The Round Table on Child Abuse held its first meeting in Berlin on Friday morning. On Interviewer: A background report and interviews with Federal Minister Kristina Schroder, Canisius Rector Father Klaus Mertes and the independent Federal Government Commissioner Christine Bergmann.
Federal Family Minister Kristina Schroder (CDU) said immediately before the meeting that responsibility does not expire, even if the acts are time-barred. She would like the Round Table to clearly identify deficits. Education Minister Annette Schavan (CDU) stressed that it was right to have brought numerous representatives from the institutions into the committee. Churches, schools and other public institutions addressed the ie intensively. The overriding goal must be to do justice to the victims, Schavan said. Compensation? Federal Justice Minister Sabine Leutheusser-Schnarrenberger (FDP) spoke of a "very big task". Legal policy consequences must be drawn from the processing of cases from the past decades, she said. Reappraisal and prevention are the two pillars of the Round Table.Leutheusser-Schnarrenberger also called for financial support for victims of sexual abuse. Many victims did not expect financial compensation, but wanted "some form of recognition for suffering inflicted on them in the past". The minister also mentioned longer statutes of limitations in criminal law and the explicit anchoring of children's rights in the German constitution as further topics to be discussed by the round table. With regard to the offer of resignation by Augsburg Bishop Walter Mixa, the FDP politician said: "Nothing is the way it was half a year ago, not even in the Catholic Church."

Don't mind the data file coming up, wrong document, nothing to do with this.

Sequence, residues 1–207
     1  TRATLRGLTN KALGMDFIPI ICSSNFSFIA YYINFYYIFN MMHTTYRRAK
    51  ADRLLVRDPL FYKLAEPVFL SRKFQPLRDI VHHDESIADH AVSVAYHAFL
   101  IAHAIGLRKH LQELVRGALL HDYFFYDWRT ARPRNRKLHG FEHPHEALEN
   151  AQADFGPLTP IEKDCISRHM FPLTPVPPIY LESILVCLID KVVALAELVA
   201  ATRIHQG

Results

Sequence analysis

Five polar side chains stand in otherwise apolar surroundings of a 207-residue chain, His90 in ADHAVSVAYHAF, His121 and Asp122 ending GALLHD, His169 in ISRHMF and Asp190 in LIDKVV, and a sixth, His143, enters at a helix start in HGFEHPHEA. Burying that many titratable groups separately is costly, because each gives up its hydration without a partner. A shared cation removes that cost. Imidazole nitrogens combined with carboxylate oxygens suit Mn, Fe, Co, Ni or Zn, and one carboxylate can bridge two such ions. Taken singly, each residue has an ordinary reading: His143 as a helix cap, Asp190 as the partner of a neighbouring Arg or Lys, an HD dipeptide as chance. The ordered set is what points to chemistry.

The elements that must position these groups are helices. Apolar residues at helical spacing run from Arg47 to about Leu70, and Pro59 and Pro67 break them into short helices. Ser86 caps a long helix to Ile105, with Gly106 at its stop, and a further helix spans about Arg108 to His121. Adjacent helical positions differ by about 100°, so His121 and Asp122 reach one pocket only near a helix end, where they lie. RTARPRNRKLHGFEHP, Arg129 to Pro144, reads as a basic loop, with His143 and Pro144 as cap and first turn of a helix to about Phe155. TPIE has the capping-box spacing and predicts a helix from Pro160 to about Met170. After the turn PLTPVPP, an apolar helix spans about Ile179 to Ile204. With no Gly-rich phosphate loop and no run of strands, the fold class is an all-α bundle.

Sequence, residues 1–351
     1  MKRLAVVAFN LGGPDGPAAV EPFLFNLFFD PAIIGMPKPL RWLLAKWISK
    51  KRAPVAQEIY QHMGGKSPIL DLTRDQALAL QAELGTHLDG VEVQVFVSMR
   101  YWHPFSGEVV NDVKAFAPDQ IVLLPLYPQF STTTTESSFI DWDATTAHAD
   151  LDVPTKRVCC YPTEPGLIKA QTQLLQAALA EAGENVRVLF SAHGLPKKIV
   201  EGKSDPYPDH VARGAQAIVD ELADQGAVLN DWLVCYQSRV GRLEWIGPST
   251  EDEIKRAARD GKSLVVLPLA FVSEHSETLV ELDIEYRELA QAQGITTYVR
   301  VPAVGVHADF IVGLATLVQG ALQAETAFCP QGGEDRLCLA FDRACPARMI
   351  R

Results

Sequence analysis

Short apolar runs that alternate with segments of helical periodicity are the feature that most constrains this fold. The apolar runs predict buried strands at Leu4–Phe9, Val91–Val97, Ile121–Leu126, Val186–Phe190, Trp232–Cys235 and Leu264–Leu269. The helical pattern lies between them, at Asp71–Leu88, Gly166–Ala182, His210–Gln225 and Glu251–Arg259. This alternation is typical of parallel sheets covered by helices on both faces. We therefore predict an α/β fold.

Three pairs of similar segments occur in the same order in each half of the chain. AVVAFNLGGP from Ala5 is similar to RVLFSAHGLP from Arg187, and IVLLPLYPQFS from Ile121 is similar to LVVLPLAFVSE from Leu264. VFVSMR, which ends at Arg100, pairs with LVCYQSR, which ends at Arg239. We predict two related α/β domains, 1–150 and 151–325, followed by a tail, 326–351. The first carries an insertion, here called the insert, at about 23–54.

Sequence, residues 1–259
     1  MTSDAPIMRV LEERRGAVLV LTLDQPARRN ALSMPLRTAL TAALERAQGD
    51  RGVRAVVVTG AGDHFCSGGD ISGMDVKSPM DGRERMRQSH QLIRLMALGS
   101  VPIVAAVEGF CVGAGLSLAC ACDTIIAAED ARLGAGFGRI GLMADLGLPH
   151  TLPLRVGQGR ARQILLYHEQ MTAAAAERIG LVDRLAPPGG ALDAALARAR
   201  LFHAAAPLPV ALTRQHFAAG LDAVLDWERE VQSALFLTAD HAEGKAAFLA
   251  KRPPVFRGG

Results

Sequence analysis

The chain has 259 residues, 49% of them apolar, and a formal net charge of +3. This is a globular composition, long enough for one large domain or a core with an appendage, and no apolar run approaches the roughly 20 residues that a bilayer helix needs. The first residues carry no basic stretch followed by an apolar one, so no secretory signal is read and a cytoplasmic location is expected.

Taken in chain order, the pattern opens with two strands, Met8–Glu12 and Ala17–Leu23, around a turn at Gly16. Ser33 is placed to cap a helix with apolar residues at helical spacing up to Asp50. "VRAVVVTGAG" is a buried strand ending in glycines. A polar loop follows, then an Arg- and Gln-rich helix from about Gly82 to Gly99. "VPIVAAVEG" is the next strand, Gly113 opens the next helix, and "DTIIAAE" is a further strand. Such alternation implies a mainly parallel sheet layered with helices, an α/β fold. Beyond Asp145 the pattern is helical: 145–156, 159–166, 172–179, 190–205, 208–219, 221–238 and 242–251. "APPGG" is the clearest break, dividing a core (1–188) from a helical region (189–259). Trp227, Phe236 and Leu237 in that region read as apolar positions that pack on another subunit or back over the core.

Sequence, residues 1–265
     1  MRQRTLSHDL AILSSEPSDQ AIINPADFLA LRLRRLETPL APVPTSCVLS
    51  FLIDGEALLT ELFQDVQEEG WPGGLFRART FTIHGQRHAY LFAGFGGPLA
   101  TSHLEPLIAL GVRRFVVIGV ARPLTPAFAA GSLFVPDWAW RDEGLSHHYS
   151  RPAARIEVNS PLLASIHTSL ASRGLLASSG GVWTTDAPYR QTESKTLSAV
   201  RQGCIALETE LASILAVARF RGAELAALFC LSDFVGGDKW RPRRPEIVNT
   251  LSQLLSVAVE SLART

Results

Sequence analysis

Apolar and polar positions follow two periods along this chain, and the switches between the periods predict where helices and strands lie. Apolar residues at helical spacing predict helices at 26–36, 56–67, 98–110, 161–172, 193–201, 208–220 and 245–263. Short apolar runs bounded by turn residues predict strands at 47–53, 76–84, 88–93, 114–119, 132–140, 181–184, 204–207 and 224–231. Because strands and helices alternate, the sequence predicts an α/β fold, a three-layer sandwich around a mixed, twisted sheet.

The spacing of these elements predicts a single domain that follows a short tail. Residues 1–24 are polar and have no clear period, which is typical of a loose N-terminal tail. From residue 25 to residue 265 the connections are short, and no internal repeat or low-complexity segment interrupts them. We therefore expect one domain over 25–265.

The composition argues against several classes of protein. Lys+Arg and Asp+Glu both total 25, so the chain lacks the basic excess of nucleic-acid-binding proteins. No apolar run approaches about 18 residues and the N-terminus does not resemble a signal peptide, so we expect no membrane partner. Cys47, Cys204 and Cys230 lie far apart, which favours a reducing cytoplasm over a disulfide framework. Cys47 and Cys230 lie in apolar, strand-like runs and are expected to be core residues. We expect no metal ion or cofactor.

Jaschke: Fund for uncomplicated Hil Hamburg auxiliary bishop Hans-Jochen Jaschke did not rule out financial compensation from the Catholic Church. Jaschke said Thursday evening on ZDF that the church must consider whether it could make "a fund for uncomplicated help" possible. He emphasized in the program "Maybrit Illner spezial" that the Catholic Church itself had provided the impetus for the clarification of the incidents. The Canisius College in Berlin had started the ball rolling. In addition the church already strives since 2001 strengthened for clearing-up, "also initiated by the Vatican". In earlier years, however, the victims had received "far too little attention". Now they would have to be able to speak and be heard. The former special investigator at the Ettal monastery, Thomas Pfister, on the other hand, spoke of a lack of self-cleansing powers in church institutions. Without the investigations and public prere, the abuses in Ettal would not have "come to light". Pfister says he represents about 200 victims. He explained that apologies, talks and prayers were "not sufficient" to make amends. Rather, the monastery must be judged "by the deeds".
Two working groups The round table wants to set up two working groups. One will deal with questions of prevention and intervention, the other with the processing of cases, assistance for victims, legal policy consequences and the question of compensation. An interim report should be available by the end of the year. The round table is chaired by the three ministers.The panel has 61 members, including political representatives from the federal and state governments, lawyers, physicians, and representatives of churches, schools, family associations and victim counseling services. The federal cabinet had decided the establishment of the round table at the end of March and at the same time appointed the former federal minister Bergmann as abuse commissioner.